Flowers Of The Month
Violets.Violets are an early blooming plant. They often bloom right alongside your mid to late spring bulbs. Violets herald in the new garden season with a wide variety of bright, brilliant colors. An easy to grow annual, you will often find them growing in the wild. Violets, Pansies, and Violas are all part of a closely related family. Violets have an 'Old World" charm all their own.
Did you Know?Roses may be red, but violets are indeed violet. They also purple, yellow, white and bluish-purple.
Violet are popular, easy, and fun to grow. Fill an area or entire bed with Violet for a striking spring effect! They also are great in windowsills and containers.
These popular plants are popular in many states. They are the state flower of Illinois, New Jersey, Rhode Island, and Wisconsin.
Primrose.Showy Primrose. A hardy, upright to sprawling perennial, native to the southeastern United States extending into Mexico. The four petalled flowers are soft pink, making a transition to glistening white toward the center. Flowers open in the early morning lasting only a single day. In many southern regions they often form large breathtaking colonies. Grows in various soils in full sun. A fun variety to grow from seed but takes two years to produce a bloom.
Suggested use: Disturbed areas, roadsides, rock gardens, mixtures.
Miscellaneous: Often called Buttercup because when smelled, yellow pollen is left on one's nose. Can tolerate infrequent mowing.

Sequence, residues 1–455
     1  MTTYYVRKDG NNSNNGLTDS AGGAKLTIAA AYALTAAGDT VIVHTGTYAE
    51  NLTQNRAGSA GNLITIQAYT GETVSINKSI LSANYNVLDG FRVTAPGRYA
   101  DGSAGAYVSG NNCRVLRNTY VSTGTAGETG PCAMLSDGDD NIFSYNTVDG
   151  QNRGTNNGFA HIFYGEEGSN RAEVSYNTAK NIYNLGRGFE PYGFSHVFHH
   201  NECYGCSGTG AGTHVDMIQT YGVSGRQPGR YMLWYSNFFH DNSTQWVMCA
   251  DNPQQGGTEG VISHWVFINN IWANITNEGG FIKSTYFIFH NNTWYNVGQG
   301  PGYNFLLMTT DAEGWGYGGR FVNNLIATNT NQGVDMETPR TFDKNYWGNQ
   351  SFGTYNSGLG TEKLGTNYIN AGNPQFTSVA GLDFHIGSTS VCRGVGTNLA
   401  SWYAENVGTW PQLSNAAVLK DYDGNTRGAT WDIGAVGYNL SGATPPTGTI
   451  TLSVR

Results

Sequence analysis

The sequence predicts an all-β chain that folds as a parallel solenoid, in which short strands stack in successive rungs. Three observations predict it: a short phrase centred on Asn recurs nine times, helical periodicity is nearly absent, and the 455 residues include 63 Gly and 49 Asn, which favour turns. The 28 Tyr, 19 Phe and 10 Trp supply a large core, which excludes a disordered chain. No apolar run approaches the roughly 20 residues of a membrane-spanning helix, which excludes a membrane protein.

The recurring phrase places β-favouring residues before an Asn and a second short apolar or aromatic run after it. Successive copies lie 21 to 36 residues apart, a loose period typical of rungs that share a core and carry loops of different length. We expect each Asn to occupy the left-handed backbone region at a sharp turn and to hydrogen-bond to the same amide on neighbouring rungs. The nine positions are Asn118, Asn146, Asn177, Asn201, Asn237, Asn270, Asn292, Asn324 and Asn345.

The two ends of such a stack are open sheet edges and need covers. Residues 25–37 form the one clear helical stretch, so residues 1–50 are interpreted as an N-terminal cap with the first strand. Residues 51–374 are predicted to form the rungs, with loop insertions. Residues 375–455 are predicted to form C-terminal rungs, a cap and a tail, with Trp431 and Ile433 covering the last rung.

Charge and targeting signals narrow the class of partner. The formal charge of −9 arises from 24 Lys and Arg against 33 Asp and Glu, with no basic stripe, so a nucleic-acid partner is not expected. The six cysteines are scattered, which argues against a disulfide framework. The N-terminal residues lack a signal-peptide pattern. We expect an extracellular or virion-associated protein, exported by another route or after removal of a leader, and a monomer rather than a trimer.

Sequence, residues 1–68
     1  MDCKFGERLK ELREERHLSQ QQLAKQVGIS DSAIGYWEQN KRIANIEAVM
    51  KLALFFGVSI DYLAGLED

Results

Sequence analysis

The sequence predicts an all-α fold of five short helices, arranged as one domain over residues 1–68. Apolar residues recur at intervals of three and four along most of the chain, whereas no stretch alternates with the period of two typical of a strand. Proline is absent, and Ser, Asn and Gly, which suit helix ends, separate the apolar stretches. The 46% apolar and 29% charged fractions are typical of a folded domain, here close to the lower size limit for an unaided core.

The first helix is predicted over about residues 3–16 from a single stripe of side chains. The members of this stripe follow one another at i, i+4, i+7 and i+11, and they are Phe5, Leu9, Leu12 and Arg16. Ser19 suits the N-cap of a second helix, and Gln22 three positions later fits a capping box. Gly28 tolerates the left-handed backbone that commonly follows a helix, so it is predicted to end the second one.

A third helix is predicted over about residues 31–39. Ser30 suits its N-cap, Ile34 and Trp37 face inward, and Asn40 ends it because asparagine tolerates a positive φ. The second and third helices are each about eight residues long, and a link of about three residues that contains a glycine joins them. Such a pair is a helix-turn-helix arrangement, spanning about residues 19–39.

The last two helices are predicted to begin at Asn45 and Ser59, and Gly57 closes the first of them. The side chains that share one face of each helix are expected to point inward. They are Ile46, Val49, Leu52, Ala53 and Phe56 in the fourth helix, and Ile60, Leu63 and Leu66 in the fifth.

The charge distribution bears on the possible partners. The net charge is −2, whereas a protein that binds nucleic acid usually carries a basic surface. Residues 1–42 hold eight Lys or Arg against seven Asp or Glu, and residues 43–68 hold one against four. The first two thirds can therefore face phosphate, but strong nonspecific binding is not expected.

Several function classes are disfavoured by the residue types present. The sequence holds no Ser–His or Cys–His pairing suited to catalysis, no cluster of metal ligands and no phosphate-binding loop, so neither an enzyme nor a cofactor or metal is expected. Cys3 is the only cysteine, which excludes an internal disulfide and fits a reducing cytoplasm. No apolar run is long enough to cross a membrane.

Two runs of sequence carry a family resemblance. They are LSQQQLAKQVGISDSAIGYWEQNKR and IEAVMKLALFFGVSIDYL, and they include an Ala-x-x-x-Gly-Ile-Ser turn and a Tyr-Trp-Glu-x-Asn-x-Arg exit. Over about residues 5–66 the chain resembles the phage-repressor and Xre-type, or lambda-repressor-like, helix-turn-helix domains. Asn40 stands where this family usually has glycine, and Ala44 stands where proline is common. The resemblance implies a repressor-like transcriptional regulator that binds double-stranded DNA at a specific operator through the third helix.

Average planting success with this species: 60%. Height: 8-16 inches.
Germination: 20-45 days. Optimum soil temperature for germination: 65-70F
Blooming period: March-July.
The following article was prepared by the Clemson Extension Center:
There are several nutrients that are essential for plant growth. A soil test is used to determine the amount of these nutrients in the soil. The soil test results are subsequently used to make a soil test report. In addition to indicating the level of nutrients in your soil, the report will also tell you the pH value or how acidic or basic your soil is, and it will make a recommendation for the amount and type of fertilizer and/or lime you need to add to the soil for optimum plant growth. This allows you to customize your soil fertilizer and lime applications to your plants’’ needs. Following the recommendations will help prevent problems with nutrient deficiencies (in the case of under-fertilization) or problems associated with over-fertilization such as excessive vegetative growth, delayed maturity, salt burn and wasted money. In addition, it can protect against any environmental hazards resulting from excessive fertilizer applications.
How To Take Soil Smples
To have a soil analysis done you need to collect 12 or more cores which will be combined as one composite sample. The samples should include soil from the surface to a depth of 6 inches in all areas except for lawns where cores should be taken from a depth of only 2 to 3 inches. A simple garden trowel can be used to collect the samples. Place the samples in a clean bucket and mix them thoroughly. It is imperative to use clean sampling tools. Pesticide or fertilizer residues will create misleading results. The sample must not be excessively wet before it goes to the lab. Bring a minimum of 2 cups of soil per sample to your county Extension office. Be sure to keep track of which part of your yard the sample came from. At the Extension office they will ask you to fill out the information on a soil test box, fill out a record sheet and check the appropriate boxes for the analyses desired. The cost of a standard soil test is $5.00 per sample. This test provides unbiased, scientific information on: